[R-G] Former head of US Interests Section in Cuba hits "wrong approach"
ffeldman at bellatlantic.net
Fri May 14 15:42:39 MDT 2004
Wayne Smith headed the US Interests Section in Cuba during the Carter
The Wrong Approach
By Wayne Smith, Senior Fellow
South Florida Sun Sentinel
May 12, 2003
The Bush administration's Cuba policy has been largely
ineffectual. Its objective is regime change, i.e., to bring
down the Castro government, but it is as far away from that
goal as it was three years ago.
Castro is mortal, of course, and will at some point pass
from the scene, but not likely as the result of anything
the Bush administration has done.
And as for human rights, the Bush approach has actually
worsened the situation. No surprise there, for the approach
is entirely counterproductive. Most of us want to see a
more open society in Cuba, showing greater respect for the
civil rights of its people and permitting greater
flexibility in the solution of their economic problems. But
threats, pressures and efforts at economic strangulation
will not achieve that. On the contrary, the reaction of the
Cuban government is to circle the wagons and demand greater
internal discipline against the external threat.
We could achieve far more by reducing tensions and entering
into a dialogue aimed at resolving some of the problems
between us. But the Bush administration will, of course,
never consider that.
The new measures will not bring down the Castro government
-- far from it -- but they will cause increased hardships
for Cuban-Americans and their families on the island, and
substantially reduce educational exchanges -- exactly what
we should not want. Under the old rules, Cuban-Americans
could visit their families in Cuba once a year, and
sometimes with special permission more often. Now, they
will only be allowed to visit once every three years. For
close-knit Cuban families, that is cruel and unusual
punishment, for which it is difficult to see any real
justification. Remittances (the money Cuban-Americans can
send to their families) will continue, but under closer
The Commission for Assistance to a Free Cuba, which put
forward the new measures, complained that too much
educational travel was of a short-term nature and might
involve "disguised tourism." Hence, under the new rules,
only "full-semester study in Cuba" will be permitted.
Academic programs of a shorter duration, says the
commission, will only be permitted "when the program
directly promotes U.S. foreign policy goals."
Wanting students to stay longer on the island would seem to
contradict the commission's goal of reducing contacts. But
the fact is that almost all current study programs are for
two weeks to a month, to examine such subjects as Cuban
literature, arts, history, Afro-Cuban culture, religion,
public health, etc. Virtually no one goes for a full
semester and that would be difficult to fit into schedules
back at their own universities. Placing educational
exchanges on a full-semester basis will virtually end
Except, of course, if one wishes to organize a program
which "directly promotes U.S. foreign policy goals." But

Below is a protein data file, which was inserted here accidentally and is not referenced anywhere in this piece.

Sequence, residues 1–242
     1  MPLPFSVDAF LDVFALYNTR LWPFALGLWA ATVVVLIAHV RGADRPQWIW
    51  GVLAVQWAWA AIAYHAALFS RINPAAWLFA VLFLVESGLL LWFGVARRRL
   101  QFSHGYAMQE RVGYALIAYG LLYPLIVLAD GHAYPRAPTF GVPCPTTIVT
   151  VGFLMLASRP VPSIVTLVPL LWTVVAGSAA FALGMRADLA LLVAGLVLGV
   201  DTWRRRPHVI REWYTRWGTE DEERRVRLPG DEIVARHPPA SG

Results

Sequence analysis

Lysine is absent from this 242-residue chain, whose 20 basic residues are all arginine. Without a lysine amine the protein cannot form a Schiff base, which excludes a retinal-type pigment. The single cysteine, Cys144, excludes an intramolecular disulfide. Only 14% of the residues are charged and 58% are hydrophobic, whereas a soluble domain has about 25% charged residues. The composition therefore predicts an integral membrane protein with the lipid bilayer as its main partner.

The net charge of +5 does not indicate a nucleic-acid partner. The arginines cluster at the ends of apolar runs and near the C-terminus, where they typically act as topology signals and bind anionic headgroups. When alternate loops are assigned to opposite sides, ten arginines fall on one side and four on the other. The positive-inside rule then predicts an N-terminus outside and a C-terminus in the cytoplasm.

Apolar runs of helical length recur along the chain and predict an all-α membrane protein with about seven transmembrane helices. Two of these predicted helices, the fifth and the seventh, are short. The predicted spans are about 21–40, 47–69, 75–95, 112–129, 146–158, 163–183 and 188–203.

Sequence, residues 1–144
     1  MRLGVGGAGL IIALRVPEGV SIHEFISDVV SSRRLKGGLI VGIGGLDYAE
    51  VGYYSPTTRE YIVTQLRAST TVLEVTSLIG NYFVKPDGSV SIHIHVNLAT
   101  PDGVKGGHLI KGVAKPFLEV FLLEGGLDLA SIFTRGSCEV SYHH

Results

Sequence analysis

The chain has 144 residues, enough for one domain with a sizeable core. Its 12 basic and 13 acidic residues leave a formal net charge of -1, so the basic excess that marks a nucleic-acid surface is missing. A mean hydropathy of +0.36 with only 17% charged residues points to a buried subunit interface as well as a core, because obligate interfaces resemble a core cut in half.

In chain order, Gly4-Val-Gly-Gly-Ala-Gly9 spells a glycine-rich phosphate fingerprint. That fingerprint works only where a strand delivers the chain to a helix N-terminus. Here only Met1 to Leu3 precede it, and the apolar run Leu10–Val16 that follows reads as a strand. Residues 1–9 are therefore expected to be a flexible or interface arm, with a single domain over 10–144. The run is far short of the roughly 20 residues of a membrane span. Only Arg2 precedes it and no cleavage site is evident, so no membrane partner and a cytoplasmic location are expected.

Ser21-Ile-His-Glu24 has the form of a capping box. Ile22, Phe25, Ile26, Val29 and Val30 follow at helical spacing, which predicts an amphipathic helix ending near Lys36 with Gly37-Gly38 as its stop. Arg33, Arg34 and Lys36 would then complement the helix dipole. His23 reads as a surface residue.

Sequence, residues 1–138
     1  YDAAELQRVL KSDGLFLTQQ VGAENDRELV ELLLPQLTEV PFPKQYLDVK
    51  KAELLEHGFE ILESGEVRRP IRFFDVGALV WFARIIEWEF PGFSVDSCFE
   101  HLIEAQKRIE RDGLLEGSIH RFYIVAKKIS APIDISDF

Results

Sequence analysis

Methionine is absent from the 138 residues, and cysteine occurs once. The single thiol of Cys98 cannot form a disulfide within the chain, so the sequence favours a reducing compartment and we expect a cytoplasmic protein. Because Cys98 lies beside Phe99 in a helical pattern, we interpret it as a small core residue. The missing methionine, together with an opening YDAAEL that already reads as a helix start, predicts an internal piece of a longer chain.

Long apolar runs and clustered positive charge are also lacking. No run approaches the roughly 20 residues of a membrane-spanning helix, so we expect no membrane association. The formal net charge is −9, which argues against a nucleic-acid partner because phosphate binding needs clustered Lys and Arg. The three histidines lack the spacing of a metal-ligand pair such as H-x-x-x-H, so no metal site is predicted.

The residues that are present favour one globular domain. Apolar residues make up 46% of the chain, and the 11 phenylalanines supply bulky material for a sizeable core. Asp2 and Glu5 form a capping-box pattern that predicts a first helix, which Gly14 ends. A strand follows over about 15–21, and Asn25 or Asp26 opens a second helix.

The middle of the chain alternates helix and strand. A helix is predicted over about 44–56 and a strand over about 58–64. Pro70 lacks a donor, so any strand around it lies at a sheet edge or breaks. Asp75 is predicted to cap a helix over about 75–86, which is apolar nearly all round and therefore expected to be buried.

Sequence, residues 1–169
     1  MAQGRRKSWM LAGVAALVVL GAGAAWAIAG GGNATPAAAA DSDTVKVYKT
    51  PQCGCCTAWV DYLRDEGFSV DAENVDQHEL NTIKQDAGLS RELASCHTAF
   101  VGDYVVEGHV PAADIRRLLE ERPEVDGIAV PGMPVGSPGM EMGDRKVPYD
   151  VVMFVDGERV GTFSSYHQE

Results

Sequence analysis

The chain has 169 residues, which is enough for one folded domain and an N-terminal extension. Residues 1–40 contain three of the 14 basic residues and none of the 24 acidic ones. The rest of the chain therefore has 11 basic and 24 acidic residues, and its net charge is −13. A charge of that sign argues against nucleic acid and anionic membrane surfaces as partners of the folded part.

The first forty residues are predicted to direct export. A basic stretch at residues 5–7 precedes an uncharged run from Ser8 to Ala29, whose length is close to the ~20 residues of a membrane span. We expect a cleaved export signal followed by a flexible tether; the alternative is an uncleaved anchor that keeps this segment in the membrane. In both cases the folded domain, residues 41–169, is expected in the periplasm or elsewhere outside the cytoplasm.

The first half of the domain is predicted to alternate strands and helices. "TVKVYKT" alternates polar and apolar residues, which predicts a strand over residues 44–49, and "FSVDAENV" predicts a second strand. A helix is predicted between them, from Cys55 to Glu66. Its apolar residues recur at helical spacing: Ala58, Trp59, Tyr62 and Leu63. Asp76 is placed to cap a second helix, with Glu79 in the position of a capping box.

wouldn't that be a matter of politicizing an academic
endeavor? And it could be even worse. Given that the goal
of U.S. foreign policy is to bring down the Castro regime,
might not the State Department insist that short-term
students pass out subversive literature and perhaps even
short-wave radios, urging that Cuban students and
professors tune in Radio Marti? Given the surreal nature of
this whole enterprise, not even that would be surprising.
And speaking of Radio Marti, another new measure would have
C-130 aircraft flying near the island, in international
airspace, transmitting Radio and TV Marti, thus minimizing
any jamming. This will be extraordinarily expensive and in
violation of international communications conventions.
Of course, the Bush administration has made it abundantly
clear that it gives not a fig for international law,
conventions or organizations. Indeed, one of the things
that led to the current scandal over the torture of Iraqi
prisoners was Secretary of Defense Rumsfeld's stated
position that the U.S. would not necessarily respect the
Geneva Conventions, which he regarded as "outdated."
Even if Radio and TV Marti broadcasts are heard and seen
loud and clear in Cuba, the result is likely to be minimal.
Radio Marti has been broadcasting now for some 20 years and
generally heard despite occasional jamming. It has not
changed Cuban public opinion one iota. In fact,
listenership has significantly dropped ever since the
station was moved, in direct violation of its original
mandate, to Miami.
The Commission for Assistance to a Free Cuba was chaired by
Secretary of State Colin Powell, but its report may not
really have his support. An article in the June edition of
GQ magazine by Wil Hylton quotes Larry Wilkerson, Powell's
right hand man, as saying that a policy based purely on
sanctions rarely works, to which Hylton comments: "It
hasn't worked in Cuba for 40 years."
Wilkerson agrees. "Dumbest policy on the face of the
Earth," he says.
And with the new measures announced last week, a dumb
policy just got even dumber.
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